How to College

COVID-19 Orientation and Summer Bridge Toolkit

featuring How to College

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“The section on college writing is stronger than many entire books dedicated to that subject, and would be a vital aid for students entering first-year writing classes."

-Ben Railton, PhD, Fitchburg State University

The transition from high school—and home—to college can be stressful. Students and parents often arrive on campus unprepared for what college is really like. Academic standards and expectations are different from high school; families aren’t present to serve as “scaffolding” for students; and first-years have to do what they call “adulting.” Nothing in the college admissions process prepares students for these new realities.

As a result, first-year college students report higher stress, more mental health issues, and lower completion rates than in the past. In fact, up to one third of first-year college students will not return for their second year—and colleges are reporting an increase in underprepared first-year students.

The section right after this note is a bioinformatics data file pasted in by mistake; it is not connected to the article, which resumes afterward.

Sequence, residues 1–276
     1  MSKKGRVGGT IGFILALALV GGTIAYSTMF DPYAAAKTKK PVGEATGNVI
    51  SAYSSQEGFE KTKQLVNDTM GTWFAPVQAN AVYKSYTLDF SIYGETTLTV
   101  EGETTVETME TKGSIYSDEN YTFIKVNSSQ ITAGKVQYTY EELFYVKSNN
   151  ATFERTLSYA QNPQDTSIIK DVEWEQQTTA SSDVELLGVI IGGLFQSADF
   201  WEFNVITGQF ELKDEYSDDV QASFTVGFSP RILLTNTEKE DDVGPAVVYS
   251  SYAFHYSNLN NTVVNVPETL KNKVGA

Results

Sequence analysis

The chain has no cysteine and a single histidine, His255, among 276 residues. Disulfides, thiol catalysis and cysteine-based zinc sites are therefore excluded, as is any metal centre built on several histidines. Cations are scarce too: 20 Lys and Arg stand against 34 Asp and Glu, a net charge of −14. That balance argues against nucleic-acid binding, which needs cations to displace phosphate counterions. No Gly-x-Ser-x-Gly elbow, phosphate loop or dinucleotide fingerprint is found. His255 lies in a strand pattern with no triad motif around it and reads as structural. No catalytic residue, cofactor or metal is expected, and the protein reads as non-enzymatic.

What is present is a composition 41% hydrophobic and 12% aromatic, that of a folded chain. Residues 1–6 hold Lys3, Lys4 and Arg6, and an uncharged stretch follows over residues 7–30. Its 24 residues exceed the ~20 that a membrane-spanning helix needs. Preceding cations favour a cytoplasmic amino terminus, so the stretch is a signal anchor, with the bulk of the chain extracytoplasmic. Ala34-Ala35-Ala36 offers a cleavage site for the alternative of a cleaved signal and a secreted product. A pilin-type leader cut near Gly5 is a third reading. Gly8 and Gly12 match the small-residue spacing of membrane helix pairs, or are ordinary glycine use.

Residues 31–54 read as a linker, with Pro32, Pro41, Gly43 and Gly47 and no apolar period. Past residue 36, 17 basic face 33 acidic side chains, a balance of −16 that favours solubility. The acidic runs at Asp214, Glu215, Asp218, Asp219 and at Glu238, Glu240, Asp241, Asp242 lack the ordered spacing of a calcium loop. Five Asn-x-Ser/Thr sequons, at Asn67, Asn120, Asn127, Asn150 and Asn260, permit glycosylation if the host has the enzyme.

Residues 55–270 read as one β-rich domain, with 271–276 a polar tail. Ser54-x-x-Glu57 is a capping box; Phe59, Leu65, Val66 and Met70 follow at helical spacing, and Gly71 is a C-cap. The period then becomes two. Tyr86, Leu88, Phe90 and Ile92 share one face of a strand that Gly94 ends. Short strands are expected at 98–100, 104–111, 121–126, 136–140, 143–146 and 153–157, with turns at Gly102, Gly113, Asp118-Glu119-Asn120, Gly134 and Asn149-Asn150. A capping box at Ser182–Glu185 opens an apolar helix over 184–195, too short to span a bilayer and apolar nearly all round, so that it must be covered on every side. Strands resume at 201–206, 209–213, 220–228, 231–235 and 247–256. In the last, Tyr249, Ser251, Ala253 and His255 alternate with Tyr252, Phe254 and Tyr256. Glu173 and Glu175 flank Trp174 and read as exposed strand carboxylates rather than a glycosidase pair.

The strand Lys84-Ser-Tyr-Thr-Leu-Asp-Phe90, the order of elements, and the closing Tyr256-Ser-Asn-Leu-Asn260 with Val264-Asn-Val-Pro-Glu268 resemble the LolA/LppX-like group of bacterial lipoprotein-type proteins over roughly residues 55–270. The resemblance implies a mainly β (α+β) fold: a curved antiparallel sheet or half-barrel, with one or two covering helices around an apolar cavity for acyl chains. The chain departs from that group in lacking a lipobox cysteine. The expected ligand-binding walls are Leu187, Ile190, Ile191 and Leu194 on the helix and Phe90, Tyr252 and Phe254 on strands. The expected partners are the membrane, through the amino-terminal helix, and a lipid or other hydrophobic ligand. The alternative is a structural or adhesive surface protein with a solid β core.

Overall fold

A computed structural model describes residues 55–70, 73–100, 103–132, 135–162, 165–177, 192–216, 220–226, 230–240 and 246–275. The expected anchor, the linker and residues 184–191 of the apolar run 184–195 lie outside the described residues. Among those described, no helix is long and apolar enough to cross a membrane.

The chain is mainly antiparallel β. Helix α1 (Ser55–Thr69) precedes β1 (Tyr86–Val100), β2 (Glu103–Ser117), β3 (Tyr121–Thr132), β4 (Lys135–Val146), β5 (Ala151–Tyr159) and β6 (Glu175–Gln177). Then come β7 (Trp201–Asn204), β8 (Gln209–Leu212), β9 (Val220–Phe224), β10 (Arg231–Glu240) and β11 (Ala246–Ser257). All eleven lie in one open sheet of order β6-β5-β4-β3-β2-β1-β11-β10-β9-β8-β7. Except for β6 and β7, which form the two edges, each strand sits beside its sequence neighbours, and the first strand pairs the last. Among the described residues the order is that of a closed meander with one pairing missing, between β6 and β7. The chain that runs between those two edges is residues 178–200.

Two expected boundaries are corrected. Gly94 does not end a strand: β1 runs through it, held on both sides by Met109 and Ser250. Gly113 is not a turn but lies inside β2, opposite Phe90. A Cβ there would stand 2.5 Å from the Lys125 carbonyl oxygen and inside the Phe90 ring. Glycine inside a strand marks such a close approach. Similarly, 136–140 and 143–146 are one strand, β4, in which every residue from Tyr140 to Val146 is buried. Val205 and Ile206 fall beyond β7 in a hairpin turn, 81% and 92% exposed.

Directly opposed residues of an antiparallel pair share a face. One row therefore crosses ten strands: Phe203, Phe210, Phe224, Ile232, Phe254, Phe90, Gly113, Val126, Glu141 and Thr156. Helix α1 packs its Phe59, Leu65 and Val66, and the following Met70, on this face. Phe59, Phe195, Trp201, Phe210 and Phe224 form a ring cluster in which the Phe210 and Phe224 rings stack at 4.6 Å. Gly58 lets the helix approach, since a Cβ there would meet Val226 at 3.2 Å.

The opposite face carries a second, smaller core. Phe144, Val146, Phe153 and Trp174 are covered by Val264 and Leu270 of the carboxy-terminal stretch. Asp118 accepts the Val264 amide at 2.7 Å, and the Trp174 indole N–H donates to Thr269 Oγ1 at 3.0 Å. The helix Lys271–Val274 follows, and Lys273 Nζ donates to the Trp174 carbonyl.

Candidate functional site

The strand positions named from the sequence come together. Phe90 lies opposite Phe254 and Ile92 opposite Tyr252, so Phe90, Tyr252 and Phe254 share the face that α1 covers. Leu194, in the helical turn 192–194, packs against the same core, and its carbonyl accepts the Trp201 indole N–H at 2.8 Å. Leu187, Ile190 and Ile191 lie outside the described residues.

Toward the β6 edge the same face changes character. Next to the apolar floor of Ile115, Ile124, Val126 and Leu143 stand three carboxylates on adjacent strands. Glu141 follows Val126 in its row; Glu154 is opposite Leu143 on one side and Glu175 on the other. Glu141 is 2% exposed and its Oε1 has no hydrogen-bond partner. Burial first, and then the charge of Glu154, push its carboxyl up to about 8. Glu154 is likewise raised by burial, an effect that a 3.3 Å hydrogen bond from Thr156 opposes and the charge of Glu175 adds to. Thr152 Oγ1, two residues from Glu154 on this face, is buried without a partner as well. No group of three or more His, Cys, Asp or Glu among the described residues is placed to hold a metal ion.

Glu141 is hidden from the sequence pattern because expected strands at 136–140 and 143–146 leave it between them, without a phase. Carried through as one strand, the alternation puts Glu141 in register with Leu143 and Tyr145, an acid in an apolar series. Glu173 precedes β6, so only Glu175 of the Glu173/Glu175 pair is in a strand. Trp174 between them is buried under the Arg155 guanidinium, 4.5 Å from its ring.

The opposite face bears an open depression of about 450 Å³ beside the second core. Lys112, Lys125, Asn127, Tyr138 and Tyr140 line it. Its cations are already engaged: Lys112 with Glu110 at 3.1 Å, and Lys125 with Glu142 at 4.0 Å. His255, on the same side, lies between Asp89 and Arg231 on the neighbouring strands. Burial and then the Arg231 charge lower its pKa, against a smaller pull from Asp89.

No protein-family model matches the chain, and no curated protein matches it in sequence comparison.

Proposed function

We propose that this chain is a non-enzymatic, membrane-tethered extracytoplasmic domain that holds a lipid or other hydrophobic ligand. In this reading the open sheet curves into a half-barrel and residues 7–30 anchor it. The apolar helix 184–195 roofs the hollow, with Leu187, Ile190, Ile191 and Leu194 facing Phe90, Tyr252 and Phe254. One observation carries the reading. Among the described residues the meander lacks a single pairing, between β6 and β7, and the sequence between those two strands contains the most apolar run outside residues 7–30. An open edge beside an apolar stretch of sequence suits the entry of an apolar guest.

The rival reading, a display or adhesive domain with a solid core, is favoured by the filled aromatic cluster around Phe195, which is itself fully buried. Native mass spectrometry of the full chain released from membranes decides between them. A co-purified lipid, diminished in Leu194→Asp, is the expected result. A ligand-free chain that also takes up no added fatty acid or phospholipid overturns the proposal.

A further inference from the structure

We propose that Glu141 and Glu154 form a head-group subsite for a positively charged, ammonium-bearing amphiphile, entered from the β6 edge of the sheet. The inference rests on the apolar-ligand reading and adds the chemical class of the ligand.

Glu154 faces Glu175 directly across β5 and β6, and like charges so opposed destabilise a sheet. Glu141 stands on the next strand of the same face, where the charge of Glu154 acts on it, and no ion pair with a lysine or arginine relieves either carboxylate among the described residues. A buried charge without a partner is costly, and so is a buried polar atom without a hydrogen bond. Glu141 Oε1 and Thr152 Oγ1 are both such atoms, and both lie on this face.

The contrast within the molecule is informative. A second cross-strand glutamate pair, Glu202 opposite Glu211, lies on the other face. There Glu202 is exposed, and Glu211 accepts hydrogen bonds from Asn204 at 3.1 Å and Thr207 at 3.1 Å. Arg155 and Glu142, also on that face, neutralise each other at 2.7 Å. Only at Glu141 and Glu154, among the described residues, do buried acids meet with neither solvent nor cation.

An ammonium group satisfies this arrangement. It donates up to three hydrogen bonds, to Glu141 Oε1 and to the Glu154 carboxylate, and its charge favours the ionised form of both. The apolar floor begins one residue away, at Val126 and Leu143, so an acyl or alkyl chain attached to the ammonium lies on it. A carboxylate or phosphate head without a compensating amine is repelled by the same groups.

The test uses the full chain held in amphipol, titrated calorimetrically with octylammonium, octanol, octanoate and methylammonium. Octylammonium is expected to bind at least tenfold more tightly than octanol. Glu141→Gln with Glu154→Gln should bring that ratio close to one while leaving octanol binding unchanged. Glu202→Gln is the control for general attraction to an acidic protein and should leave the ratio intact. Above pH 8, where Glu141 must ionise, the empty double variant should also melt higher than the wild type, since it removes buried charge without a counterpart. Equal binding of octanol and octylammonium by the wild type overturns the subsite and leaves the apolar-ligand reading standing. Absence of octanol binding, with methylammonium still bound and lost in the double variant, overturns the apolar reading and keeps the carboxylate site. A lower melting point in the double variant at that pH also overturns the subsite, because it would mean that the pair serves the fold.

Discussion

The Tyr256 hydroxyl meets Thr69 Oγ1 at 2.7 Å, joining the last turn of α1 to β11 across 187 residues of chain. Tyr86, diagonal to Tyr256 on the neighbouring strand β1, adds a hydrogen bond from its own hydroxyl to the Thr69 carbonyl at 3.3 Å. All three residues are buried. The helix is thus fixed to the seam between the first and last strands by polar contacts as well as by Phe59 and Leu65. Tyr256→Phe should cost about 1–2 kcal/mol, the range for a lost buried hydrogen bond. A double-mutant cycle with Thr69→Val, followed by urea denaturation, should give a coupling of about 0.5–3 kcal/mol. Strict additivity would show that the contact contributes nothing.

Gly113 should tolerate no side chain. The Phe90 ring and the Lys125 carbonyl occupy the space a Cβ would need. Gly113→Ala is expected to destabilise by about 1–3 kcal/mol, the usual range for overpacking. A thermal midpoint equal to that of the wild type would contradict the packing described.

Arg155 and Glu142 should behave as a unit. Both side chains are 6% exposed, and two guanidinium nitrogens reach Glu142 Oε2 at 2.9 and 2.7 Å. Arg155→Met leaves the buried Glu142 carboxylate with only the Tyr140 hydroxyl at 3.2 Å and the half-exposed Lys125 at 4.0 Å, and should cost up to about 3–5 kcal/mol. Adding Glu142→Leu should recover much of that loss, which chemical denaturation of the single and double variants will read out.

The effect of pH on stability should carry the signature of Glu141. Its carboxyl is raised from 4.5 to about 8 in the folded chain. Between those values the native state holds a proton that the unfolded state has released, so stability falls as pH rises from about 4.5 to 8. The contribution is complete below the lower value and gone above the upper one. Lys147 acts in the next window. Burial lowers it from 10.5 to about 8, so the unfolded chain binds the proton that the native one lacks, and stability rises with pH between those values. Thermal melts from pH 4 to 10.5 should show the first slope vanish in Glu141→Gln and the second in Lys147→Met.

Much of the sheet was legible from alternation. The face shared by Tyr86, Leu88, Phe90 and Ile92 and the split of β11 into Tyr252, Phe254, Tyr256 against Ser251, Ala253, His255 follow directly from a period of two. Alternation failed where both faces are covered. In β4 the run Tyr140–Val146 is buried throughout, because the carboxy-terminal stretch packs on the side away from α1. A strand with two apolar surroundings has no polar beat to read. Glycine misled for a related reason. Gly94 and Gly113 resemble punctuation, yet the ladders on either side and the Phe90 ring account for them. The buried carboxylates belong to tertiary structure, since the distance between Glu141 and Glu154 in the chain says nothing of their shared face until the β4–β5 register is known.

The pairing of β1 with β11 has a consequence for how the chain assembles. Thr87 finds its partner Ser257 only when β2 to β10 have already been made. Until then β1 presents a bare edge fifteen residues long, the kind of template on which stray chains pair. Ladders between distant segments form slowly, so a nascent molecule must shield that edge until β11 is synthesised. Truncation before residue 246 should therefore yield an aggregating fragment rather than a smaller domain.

The cover of the book, How to College

How to College is here to help. Professors Andrea Malkin Brenner and Lara Schwartz guide first-year students and their families through the transition process, during the summer after high school graduation and throughout the school year, preparing students to succeed and thrive as they transition and adapt to college. The book draws on the authors’ experience teaching, writing curricula, and designing programs for thousands of first-year college students over decades.

“This book offers the best explanation/guide I’ve seen on what students can expect to encounter academically in college.”

-Matthew J. Kirk, MEd, Associate Director of Tiger Alliance,

Clemson University

With co-author Andrea Malkin Brenner at the First Year Experience Conference book signing, February 2019

"The taxonomy of clear distinctions between high school and college academic work is the best framework I have seen for grasping these transitions – which are critical to student adjustment and success in college."

-Todd A. Olson, PhD, Vice President for Student Affairs,

Georgetown University

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